Well-Rounded vs. Special Interests on College Applications
The myth that college applicants are expected to participate in so many activities is just that: a myth.
Of course, that's not to say that admissions officers prefer applicants whose focus is singular — there is such a thing as being too narrow. Because striking this balance can be difficult, we've provided a few tips to consider as you think about how you want to portray yourself to colleges.
Try New Things
If you haven’t found a hobby or subject you care about, branch out. Try different clubs and go to meetings for activities and organizations you haven't considered. For example, if you’ve been playing the same sport but don’t feel enthusiastic about it, try out for a school play. Go to choir auditions, attend an art class or sign up for an elective you don’t know about. By expanding your horizons and giving new extracurriculars a chance, you’ll eventually find something that sticks.
Take a Leadership Position
If you have found a hobby or extracurricular that excites and engages you, spend more time learning about it and strengthen your skills. Volunteer for responsibilities or assume a leadership position. The more involved you are, the more your commitment and passion will show.
Even if the activity is primarily independent, such as horseback riding or painting, there are ways to take it to the next level. For example, enter competitions or get involved in organizations for people that share your passion.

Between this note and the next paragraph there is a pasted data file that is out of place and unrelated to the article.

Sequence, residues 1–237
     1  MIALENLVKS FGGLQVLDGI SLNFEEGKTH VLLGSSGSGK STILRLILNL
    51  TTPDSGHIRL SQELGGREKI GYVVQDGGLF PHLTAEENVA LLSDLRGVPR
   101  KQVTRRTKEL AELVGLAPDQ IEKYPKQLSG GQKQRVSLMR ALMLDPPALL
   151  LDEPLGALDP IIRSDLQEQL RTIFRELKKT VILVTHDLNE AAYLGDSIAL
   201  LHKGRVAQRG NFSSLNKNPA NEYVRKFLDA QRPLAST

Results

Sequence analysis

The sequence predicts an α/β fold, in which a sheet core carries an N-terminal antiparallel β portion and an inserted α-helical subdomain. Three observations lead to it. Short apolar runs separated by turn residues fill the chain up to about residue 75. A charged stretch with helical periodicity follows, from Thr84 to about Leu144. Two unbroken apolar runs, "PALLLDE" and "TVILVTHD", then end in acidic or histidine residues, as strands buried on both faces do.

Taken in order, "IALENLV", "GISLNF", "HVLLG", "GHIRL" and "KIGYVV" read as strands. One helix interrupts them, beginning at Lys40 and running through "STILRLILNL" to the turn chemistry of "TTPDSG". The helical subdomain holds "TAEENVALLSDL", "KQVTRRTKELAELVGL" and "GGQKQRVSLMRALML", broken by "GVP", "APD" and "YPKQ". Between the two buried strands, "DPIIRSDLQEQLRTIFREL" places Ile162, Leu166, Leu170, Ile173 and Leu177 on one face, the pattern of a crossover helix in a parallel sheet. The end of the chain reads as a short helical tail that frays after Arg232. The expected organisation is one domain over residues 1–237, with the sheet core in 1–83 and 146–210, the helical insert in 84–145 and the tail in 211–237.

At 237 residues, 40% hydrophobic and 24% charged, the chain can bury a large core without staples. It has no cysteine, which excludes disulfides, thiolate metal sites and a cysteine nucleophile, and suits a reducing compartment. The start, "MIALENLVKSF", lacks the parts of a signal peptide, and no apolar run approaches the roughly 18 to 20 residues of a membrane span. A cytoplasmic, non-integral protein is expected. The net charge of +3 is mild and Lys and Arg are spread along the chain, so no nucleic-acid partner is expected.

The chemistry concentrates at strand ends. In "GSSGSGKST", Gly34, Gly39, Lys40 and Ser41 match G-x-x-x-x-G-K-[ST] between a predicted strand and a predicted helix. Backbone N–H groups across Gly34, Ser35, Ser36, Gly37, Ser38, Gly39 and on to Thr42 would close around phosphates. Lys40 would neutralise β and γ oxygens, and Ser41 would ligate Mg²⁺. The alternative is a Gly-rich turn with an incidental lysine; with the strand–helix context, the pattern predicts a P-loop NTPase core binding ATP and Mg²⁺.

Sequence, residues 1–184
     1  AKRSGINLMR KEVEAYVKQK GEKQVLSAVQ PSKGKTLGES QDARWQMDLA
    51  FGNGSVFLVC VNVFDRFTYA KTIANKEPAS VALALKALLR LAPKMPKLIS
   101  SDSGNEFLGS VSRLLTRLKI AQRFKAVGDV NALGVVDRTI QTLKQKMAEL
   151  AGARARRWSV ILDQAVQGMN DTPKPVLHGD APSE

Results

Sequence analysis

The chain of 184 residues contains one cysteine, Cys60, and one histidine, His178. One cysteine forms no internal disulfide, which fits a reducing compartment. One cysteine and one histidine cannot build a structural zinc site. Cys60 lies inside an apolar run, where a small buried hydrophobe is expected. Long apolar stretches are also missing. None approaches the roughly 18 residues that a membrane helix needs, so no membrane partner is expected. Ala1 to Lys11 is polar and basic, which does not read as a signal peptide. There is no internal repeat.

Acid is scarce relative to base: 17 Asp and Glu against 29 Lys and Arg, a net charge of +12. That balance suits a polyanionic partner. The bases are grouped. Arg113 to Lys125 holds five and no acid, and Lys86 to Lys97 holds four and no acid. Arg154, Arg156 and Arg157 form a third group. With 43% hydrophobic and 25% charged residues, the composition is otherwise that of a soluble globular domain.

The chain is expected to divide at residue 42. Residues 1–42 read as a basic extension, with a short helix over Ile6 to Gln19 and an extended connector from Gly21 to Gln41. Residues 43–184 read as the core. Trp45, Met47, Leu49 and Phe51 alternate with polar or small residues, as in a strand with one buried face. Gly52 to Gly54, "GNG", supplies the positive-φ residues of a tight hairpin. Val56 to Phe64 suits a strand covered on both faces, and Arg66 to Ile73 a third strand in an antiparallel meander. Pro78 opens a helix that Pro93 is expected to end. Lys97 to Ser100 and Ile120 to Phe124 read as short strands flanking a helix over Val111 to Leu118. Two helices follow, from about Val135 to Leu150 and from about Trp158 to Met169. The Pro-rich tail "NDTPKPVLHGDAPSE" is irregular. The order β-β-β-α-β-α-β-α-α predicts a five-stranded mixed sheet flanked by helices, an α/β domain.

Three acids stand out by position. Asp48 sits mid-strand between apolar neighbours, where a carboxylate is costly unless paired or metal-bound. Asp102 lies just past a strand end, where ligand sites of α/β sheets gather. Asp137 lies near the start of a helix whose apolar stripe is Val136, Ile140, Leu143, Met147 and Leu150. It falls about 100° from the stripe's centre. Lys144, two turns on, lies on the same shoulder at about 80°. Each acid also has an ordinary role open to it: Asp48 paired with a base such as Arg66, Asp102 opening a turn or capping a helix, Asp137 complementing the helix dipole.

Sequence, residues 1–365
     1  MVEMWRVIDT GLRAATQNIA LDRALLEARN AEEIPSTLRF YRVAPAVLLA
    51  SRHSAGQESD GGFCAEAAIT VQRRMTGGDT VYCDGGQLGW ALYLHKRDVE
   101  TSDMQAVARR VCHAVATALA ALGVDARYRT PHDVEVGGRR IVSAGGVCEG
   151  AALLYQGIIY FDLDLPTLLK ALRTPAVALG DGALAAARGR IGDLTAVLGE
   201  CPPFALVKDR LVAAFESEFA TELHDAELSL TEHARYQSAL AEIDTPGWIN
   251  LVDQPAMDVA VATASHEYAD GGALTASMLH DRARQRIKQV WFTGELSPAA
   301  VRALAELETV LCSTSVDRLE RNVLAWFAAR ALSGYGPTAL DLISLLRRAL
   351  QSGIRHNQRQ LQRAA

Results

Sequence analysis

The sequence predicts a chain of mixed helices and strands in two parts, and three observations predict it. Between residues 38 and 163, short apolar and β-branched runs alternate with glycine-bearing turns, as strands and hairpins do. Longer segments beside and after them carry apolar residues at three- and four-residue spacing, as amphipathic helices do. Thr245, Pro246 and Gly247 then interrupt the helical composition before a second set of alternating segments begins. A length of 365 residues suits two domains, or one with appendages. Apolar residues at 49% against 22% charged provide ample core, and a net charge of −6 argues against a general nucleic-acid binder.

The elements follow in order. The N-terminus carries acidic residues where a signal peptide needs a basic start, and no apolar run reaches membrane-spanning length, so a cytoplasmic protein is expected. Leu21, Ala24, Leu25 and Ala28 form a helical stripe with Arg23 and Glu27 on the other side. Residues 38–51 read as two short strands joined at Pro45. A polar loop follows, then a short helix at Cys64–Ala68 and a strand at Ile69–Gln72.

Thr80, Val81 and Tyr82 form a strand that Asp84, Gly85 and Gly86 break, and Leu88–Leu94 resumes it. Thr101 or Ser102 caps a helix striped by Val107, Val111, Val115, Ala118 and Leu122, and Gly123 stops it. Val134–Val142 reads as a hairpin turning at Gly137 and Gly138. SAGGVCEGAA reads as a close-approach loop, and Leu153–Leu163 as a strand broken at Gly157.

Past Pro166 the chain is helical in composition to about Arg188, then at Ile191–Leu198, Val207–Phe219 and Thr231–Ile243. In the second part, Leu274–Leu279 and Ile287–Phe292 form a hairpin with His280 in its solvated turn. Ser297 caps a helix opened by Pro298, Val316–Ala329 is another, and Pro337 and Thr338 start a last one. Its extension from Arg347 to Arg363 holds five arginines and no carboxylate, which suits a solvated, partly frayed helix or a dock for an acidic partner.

Even if you plan on pursuing an extracurricular professionally, it's important not to let hobbies or activities get in the way of academics. Colleges love students demonstrate passion, commitment and leadership while getting good grades. After all, colleges need to ensure that accepted students are able to succeed in classes. Academics are important regardless of the talents you possess.
If you're a champion wrestler, award-winning violinist or president of your high school class, it will be easy to stand out. The majority of college applicants, however, will have to consider how they can make a lasting impression on admissions officers. The solution isn't to join 10 clubs or dedicate all your free time to one activity. Instead, think about how you can combine passions to show how unique you are.